Major Jim O’Callaghan of Fianna Fáil asked Coveney to look at the mandatory age of retirement for members of the Defence Forces as some of them leave “because they know they will have to retire between 56 and 60. At that age, many people are just getting into their prime.”
He then looked to his left.
“Deputy Durkan here beside me, could you imagine if there was a requirement in politics that people had to retire between 56 and 60? We’d lose some of the best wisdom we have in the house.”
Sergeant Kieran O’Donnell (FG) agreed. “Bernard still hasn’t reached his prime.”
“Obviously, I entirely agree with my colleague’s remarks,” replied the great campaigner.
Minister for Defence Coveney, clearly wrestling with the image of Bernard (76) in combat fatigues, bayonet fixed and going over the top, tried to address O’Callaghan’s point.
“On the image of deputy Durkan being in the Defence Forces . . . eh, eh, I, em, eh, eh, while absolutely, em, the retirement age issues are something, eh, that we have been considering and . . .”
He decided not to think about it.
RTÉ’s New Year’s Eve turkey
Kerry TD Brendan Griffin had some tough questions for RTÉ’s director general Dee Forbes and chairwoman Moya Doherty at this week’s meeting of the Committee on Tourism, Culture, Arts, Sport and Media.
Why hasn’t RTÉ brought back The Den and why was the New Year’s Eve show so awful this year?
He said the committee complained about last year’s effort and this year “we had an awful debacle of a New Year’s television celebration again. What has RTÉ got against New Year’s Eve?
The one great white hope we had was the return of The Den and for some reason that didn’t come back in 2021… It was one of the most positive developments in RTÉ
“Last year they got the tone wrong and this year they managed to get the time wrong. I mean, you’ve one job, that’s the 10-second countdown, and I’d say CNN were nearly welcoming in the New Year before RTÉ were this year, it was so far behind. Simple things like that really resonate with people.”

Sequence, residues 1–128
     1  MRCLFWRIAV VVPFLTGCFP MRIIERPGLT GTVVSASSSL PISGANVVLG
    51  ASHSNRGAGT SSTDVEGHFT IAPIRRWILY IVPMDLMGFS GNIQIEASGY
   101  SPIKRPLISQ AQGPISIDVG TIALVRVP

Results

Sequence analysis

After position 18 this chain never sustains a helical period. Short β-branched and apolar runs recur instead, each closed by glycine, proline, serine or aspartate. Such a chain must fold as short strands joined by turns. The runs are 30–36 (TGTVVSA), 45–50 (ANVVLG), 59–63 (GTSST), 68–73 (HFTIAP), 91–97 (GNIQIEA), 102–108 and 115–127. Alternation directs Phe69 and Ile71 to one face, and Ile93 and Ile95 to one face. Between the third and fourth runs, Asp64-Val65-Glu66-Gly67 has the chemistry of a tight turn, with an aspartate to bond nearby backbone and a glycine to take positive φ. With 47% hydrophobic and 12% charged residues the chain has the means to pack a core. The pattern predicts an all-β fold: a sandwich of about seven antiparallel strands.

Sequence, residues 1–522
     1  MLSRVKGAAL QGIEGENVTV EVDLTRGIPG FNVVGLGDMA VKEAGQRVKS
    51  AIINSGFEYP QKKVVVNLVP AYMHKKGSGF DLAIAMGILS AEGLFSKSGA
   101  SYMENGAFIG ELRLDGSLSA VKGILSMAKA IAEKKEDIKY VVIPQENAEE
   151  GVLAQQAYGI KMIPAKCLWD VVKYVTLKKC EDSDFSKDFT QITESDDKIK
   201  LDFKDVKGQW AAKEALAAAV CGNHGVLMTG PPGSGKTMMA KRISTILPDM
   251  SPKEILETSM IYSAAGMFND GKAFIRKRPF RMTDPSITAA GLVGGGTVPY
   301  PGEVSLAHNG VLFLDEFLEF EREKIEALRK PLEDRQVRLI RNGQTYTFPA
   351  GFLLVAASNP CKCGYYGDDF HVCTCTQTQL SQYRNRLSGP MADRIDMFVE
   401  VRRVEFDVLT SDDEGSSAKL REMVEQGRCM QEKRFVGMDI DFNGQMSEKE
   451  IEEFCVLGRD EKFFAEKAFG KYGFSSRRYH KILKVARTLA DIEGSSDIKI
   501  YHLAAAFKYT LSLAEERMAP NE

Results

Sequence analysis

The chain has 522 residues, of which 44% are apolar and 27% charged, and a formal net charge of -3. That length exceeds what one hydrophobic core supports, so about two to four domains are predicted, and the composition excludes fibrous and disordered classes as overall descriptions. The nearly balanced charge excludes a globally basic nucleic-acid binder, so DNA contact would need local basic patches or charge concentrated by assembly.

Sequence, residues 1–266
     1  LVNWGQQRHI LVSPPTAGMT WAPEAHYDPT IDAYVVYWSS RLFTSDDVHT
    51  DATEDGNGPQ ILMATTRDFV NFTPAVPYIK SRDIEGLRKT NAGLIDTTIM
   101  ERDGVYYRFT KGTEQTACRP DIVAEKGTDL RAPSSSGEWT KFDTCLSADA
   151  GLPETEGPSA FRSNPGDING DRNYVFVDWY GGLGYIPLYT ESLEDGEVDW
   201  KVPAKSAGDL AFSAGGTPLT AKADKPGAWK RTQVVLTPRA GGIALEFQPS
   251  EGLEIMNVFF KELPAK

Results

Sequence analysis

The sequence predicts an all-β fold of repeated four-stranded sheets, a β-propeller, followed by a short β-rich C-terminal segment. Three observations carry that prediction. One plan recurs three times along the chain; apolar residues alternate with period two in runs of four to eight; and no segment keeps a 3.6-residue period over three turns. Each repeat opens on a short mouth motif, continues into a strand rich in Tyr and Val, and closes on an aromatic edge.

Turning to childrens’ programmes, he said: “The one great white hope we had in recent times was the return of The Den and for some reason that didn’t come back in 2021 . . . It was one of the most positive developments in RTÉ across the boards.”
What happened? “I think it was a huge mistake” not just for the children “but for the big kids amongst us who enjoyed it as well”.
Griffin said he was raising the matter because the number of parents who contacted him about The Den not returning “was not insignificant”.
As for New Year’s Eve next time out, “Could ye not just focus this year? You’ve got 11 months to work on it and just get it right for the arrival of 2023, please.”
Fianna Fáil Senator Malcolm Byrne suggested Griffin had so many scripted one-liners that maybe RTÉ might get him to present the show next year.
Paschal’s Ulysses odyssey
As it is, there are barely enough hours in the day to cram in all the eating, lounging, thinking, telly, tea, whingeing, scratching, scrolling and playing with the dog.
And here’s the Minister for Finance and president of the Eurogroup of finance ministers, hosting another literary event between running his department, writing reviews, going to football matches, chairing history symposiums, working through his library of music albums and adding to his extensive bobblehead superhero figurine collection.
Just where does Paschal Donohoe find the time?
You’d be inclined to hate him, if he wasn’t, well, so flippin’ Paschally.
This thought occurred on Monday night when he popped up at the virtual launch of yet another book about the book Ulysses, which is in the news because it was first published 100 years ago. The Minister was in conversation with Dan Mulhall, whose book Ulysses: A Reader’s Odyssey is hitting the shops just in time for the centenary next week.
Publisher New Island Books says it is “an essential introduction for all readers seeking to navigate Joyce’s notoriously impenetrable masterpiece”.
Dan also happens to be our Ambassador to the US, so it was a transatlantic Q&A, with the Minister in Dublin and the ambassador in Washington.
Paschal said his “great Covid project of 2021” was to read the book (which, naturally, he has).
“I have a copy of Ulysses which has been in my home for at least two decades and I only had, I guess, the courage to pick it up last year and to begin delving into the extraordinary world that is Ulysses and the extraordinary mind and art that Joyce had to offer.”
He wished he had had a copy of Dan Mulhall’s book to guide him through some of the more difficult passages, because he found the opening chapters “tricky enough. I really had to concentrate and persist at it, to build up a little bit of momentum until I met Leopold and Molly.”
The author’s pragmatic advice to people who get bogged down in some of the more puzzling parts is to simply skip on to the next bit and maybe return later.
“I’m approaching this and I’m talking to you here this evening as a very general reader, somebody who is at the very early stages of trying to understand all that Ulysses has to offer,” explained Paschal.